7. Great Ball Pit

    [GBC] Separation Anxiety

    Hey everyone, here is a sideways conveyor I've made using 25 brick separators. It is quite a simple build, and has some input restrictions. It can handle a fast stream of 1-2 balls but would fail the 30 batch standard rule. I think it looks great even when turned off. Some people have said it looks like an insect, and I think it has that nice baggage carousel effect when it's turned on. Please enjoy the video.
  8. Hello, I present you my "washing machine" Two drums turn in opposite directions, inside each of them there are guides to advance the balls. In the 2nd there are small skips that go up the balls until the exit. The two drums rotate on tires then allows sufficient grip and allow stalls in case of jamming ball. This also makes it possible, compared to the sprockets, not to synchronize the rotation of the two rows of tires. The frame is rigid to hold the two drums in place. Here are the pictures: IMG_20190113_192558 by alex peraux, sur Flickr IMG_20190113_193734 by alex peraux, sur Flickr IMG_20190113_193728 by alex peraux, sur Flickr The frame: IMG_20190113_193700 by alex peraux, sur Flickr IMG_20190113_193710 by alex peraux, sur Flickr the 1st drum: IMG_20190113_193645 by alex peraux, sur Flickr 2nd: IMG_20190113_193653 by alex peraux, sur Flickr and the vidéo: VID_20190113_192920 by alex peraux, sur Flickr comment are welcome :)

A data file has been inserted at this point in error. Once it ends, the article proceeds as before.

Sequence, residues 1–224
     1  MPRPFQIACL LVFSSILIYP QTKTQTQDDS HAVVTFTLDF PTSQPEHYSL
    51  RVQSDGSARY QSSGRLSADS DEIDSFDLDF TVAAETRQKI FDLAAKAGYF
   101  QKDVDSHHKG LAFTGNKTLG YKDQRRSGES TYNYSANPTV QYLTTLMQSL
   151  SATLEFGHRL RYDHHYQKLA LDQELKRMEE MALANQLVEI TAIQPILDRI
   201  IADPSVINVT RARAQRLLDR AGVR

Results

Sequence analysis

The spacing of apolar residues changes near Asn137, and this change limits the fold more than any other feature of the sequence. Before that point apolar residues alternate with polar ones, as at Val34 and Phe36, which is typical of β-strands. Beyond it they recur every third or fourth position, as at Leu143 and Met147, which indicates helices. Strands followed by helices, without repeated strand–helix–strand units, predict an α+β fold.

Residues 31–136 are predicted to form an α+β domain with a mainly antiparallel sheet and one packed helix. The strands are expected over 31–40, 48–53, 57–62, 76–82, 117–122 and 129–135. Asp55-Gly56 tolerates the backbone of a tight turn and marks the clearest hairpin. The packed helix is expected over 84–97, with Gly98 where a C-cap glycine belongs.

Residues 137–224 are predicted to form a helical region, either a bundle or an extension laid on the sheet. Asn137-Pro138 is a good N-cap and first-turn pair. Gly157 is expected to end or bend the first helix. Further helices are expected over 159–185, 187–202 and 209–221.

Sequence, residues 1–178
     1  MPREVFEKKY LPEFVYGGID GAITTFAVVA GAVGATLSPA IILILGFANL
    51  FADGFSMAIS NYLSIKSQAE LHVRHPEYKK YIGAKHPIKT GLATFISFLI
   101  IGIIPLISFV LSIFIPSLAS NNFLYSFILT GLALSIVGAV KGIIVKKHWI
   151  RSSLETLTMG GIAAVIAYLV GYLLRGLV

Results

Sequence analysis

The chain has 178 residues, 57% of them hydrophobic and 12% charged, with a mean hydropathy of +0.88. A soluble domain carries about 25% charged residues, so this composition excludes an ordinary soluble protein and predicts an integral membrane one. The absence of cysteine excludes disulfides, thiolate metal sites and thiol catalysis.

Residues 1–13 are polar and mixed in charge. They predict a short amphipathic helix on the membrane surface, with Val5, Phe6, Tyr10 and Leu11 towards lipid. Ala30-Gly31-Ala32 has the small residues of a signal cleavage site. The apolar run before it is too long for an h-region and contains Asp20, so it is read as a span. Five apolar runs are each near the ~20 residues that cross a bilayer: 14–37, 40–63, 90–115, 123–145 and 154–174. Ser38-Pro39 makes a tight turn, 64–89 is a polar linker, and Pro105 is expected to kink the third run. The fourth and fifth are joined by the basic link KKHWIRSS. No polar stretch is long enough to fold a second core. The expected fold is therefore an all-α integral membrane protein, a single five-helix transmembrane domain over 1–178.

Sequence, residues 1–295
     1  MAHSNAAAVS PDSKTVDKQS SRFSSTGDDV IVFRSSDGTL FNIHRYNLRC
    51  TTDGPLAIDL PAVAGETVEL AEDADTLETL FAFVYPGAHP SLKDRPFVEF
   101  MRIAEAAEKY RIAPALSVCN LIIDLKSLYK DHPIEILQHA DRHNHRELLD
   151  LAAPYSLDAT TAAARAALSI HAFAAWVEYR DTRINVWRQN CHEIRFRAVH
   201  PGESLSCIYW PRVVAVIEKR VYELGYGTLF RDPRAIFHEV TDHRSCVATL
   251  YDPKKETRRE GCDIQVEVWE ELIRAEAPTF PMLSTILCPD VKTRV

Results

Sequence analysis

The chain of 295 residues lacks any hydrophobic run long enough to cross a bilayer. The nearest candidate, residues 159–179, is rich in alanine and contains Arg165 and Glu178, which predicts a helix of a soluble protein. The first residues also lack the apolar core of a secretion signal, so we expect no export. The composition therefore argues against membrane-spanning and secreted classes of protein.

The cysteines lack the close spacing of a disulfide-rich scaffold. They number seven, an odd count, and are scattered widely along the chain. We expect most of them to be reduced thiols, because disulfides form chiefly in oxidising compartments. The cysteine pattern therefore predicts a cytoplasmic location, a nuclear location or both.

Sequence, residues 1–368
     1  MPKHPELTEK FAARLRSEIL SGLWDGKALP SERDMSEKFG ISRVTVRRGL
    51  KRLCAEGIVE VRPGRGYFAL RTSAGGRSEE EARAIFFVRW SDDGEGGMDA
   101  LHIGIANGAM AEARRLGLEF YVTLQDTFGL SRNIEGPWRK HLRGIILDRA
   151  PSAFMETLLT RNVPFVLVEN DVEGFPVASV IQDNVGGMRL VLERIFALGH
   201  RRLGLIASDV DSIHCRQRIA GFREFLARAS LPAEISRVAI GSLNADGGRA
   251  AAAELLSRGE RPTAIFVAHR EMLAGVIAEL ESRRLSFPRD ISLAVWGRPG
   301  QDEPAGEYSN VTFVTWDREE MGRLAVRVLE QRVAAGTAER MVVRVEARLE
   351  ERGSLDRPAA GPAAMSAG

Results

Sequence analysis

9. Great Ball Pit

    [GBC] Solaire

    Hey everyone, Here is a very simple, yet elegant GBC module using the old Skateboard Ramps, and the newer large ring gears. It clears balls very quickly, and is rock solid reliable.